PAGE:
Schistosoma Mansoni and S. Haematobium Infections in Egypt

III. Extrahepatic Pathology

View More View Less
  • Departments of Pathology and Bacteriology, Naval Medical Research Unit No. 3, Laboratory of Parasitic Diseases, National Institute of Allergy and Infectious Diseases, Laboratory of Statistical Mathematical Methodology, Division of Computer Research and Technology, National Institutes of Health, Department of Pathology, Faculty of Medicine, Cairo University, Cairo, Egypt
Restricted access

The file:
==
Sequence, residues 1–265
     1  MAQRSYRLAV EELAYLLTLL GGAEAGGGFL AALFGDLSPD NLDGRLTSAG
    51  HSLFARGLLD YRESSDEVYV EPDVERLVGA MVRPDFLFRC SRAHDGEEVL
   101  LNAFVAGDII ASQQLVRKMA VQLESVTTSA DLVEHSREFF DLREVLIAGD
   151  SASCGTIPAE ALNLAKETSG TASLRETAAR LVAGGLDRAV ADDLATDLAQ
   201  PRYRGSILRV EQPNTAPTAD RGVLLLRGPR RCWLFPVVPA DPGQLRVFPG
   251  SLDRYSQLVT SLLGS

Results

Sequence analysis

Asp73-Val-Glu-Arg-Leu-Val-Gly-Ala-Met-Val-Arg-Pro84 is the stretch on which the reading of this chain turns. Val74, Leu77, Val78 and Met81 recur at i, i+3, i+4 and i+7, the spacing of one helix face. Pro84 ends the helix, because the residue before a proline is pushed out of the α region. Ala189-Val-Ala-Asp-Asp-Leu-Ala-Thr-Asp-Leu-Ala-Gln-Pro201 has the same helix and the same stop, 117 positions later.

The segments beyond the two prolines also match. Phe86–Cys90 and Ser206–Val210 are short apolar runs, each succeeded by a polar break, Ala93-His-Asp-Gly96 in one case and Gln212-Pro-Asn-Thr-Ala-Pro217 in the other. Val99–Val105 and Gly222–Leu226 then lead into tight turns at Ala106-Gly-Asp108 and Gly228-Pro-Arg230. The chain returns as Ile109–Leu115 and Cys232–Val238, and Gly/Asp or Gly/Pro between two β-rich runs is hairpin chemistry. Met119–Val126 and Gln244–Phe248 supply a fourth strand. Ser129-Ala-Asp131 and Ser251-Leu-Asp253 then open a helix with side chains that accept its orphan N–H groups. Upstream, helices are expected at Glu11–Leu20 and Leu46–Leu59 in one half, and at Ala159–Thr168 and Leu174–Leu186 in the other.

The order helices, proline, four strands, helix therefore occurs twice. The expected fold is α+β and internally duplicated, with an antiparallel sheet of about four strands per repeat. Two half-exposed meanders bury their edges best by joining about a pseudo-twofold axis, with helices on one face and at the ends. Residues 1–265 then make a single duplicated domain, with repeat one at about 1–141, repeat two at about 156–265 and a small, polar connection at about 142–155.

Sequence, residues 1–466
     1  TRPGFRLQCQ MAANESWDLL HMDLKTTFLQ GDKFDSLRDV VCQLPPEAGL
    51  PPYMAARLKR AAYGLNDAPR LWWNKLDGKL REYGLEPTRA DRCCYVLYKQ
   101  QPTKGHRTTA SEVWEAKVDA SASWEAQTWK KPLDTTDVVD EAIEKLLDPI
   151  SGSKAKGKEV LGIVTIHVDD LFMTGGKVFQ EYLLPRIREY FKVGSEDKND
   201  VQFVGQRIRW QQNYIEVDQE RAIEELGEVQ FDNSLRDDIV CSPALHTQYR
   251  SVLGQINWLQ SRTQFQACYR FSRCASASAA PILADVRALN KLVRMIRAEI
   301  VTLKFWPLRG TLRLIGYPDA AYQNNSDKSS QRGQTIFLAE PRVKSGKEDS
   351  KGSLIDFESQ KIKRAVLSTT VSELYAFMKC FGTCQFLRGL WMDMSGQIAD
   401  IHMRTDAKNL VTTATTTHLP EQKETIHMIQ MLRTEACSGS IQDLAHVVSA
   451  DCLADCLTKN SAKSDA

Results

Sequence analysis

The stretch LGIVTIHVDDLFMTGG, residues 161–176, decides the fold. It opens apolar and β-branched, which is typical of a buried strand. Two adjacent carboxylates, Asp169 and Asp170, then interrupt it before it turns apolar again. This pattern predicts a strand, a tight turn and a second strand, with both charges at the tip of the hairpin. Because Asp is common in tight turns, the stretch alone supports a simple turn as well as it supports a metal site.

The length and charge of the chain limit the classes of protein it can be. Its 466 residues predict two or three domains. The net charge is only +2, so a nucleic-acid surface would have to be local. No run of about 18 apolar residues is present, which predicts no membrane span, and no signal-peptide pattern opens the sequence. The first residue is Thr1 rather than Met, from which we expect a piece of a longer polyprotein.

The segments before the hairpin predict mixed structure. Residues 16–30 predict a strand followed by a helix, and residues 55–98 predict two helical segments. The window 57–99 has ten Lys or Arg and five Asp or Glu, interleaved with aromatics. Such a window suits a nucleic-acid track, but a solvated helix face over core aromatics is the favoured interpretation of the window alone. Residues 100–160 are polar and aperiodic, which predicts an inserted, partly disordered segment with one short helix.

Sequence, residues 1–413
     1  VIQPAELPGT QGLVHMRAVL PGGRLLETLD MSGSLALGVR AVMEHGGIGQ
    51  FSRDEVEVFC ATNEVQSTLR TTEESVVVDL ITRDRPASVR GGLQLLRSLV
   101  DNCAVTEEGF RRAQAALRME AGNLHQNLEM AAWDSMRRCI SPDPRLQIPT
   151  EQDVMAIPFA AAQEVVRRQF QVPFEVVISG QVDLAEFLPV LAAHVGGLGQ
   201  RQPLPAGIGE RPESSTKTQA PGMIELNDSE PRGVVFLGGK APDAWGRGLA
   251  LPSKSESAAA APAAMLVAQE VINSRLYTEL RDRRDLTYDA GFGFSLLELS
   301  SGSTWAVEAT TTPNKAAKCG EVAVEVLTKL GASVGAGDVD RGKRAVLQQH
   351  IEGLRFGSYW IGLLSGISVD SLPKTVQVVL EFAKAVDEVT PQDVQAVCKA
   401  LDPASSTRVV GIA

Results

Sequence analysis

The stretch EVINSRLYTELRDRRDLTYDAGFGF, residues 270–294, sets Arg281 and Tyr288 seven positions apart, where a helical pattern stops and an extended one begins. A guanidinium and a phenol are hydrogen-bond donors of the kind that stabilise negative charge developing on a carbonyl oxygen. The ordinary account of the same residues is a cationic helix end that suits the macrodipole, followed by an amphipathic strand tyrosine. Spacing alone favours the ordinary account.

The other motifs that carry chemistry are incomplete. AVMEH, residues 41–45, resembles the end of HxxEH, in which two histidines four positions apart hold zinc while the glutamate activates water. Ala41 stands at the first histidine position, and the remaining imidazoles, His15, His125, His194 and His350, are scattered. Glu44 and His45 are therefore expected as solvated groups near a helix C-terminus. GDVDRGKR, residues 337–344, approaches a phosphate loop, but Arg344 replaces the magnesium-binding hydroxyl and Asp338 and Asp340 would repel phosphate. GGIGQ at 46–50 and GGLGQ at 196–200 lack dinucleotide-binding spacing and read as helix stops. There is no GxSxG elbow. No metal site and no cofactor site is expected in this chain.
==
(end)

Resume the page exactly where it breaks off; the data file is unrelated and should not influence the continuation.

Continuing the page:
Schistosoma mansoni and S. haematobium infections were studied quantitatively in 400 consecutive autopsies in Cairo, Egypt. Pathological findings were correlated with the presence or absence of schistosome infection as well as with the intensity of infection. The intensity of S. haematobium infection was much greater in cases with obstructive uropathy (hydroureter or hydronephrosis) than in those without; however, infection intensity was similar in cases with mild or severe obstructive uropathy; i.e., the presence, but not the degree, of obstructive uropathy was related to infection intensity. The presence of focal lesions was more important in the pathogenesis of severe obstructive uropathy than was the concentration of eggs in the ureters or bladder. The most severe cases of schistosomal obstructive uropathy were usually caused by ureteral stenosis, ureteral stones or distortion of the ureteral orifices. Pyelonephritis was of similar frequency in cases with and without schistosomiasis. Pyelonephritis occurred most often in patients with bladder outlet obstruction or distortion of the ureteral orifices. In the absence of these lesions, hydroureter did not predispose to pyelonephritis. Glomerulonephritis was not positively associated with S. haematobium infection. S. mansoni infection caused severe schistosomal colonic polyposis in three heavily infected individuals. Both S. mansoni and S. haematobium also caused less marked polyposis. Salmonella infections were infrequent and not significantly associated with schistosomiasis. In this series, schistosomiasis was rare in patients 9 yr or less of age. Among cases over 9 yr of age, schistosomiasis was considered the cause of death in 9.2% of infected cases (6.2% of all cases). Among infected cases, 2.5% of deaths were ascribed to schistosomal obstructive uropathy, 2.4% to bladder cancer associated with schistosomiasis, 3.1% to Symmers' fibrosis of the liver, 0.8% to schistosomal colonic polyposis and 0.4% to salmonellosis associated with schistosomiasis. Although we made no deliberate selection of cases for study, any hospital-based series gathers a highly selected group of patients. Our results should be applied to other infected populations with great caution. In addition, pathologic studies concentrate on serious anatomic lesions and cannot accurately evaluate the effects of other important lesions, such as schistosomal cystitis, which produce considerable morbidity.